The V in CTS-V should stand for Very Fast.  The latest rendition of the CTS-V does live up to the hype those commercials promise.  Currently, the CTS-V is the fastest production sedan in the world thanks to the 6.2 liter supercharged LSA V8 under the hood (borrowed from its stablemate the Corvette ZR1)  The "detuned" mill pumps out 556 horsepower 551 lb-ft in stock form.  Now for most of us, that should be enough.  To have the fastest sedan in the world is well ... Enough really.  But then, to guys like John Hennessey, fast has a different connotation altogether.  Apparently 550 horsepower is the beginning for Hennessey.

The Greatest All-Around Sports Car On The Planet.

On: Fri, Jan 21, 2011 at 10:09AM | By: Lou Ruggieri

The Greatest All-Around Sports Car On The Planet.   test 1-1

Let’s be clear about something:  I don’t want to like the new Porsche 911 Turbo S. Sure it’s the first “S” model we’ve seen in five years, and on some level, as a car enthusiast, I should be happy about that. But the truth is, down deep, I’m not. See, I’m just not a Porsche guy at all. Growing up, I’ve always had a deep-seated love for Italian sports cars. To me, they were the always the most visceral, they were (and are) the embodiment of passion and extroverted dramatic flair. I always loved to watch even people who I knew for a fact had almost zero interest in automobiles as anything more than people-movers suddenly explode with excitement when a screaming yellow Lamborghini or blood red Ferrari would roll up next to them at a traffic light, or passed their field of view in a parking lot. Even they realized that those Italian masterpieces were something special. And just as I saw those stunning Ferraris and Lamborghinis as the heroes, I couldn’t help but paint their challengers, like Porsche, as the villains always trying to dethrone the mighty Italians and claim the crown as king of all supercars. If that happened, somehow I thought the world would be plunged into the lifeless, emotionless, gunmetal grey I always seemed to see Porsches depicted in.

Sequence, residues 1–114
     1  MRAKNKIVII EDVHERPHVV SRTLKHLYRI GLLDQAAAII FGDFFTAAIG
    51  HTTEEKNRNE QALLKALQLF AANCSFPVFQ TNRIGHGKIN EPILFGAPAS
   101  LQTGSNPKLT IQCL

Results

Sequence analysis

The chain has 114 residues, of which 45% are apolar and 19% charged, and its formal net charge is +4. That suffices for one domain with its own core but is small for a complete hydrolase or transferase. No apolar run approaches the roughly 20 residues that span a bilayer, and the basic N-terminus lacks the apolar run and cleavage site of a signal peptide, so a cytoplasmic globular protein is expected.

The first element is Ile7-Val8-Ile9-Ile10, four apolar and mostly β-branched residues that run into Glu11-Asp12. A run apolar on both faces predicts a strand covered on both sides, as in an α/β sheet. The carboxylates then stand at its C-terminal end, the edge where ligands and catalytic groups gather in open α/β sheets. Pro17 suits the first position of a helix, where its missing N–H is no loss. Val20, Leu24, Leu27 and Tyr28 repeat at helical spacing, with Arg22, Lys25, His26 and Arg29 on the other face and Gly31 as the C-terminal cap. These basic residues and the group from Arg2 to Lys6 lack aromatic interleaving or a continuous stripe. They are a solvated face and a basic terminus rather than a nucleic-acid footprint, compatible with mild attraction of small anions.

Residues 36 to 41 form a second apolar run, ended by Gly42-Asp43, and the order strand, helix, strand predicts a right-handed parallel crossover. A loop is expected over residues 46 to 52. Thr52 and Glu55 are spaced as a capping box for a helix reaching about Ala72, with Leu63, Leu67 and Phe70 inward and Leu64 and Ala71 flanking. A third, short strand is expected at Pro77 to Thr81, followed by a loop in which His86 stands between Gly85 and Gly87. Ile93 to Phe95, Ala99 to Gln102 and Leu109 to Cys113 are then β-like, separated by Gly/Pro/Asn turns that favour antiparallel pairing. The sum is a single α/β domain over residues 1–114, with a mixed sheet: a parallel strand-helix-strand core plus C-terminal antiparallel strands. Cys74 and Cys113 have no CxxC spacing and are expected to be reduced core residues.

But as I grew up, slowly my somewhat unfounded biases and characterizations towards the upper echelon of high performance automobiles began to erode, and a new found respect emerged for the sheer skill and genius I realized it took to create a piece of metal, add a few hundred horsepower, four wheels, make it look great, and rocket to 60 mph in only a few seconds. Much like sports analysts will tell you; once they become professionals, they begin rooting less for teams and more for a good game or a good story they can analyze more easily. I found myself slowly becoming less interested in rooting for sheer dominance of any one car, even my beloved Prancing Horse or Raging Bull, and more for a good match-up in a comparison test.  It has since become much easier to spot and asses a quality car, even if it is made by my childhood arch rival.  

The Next 300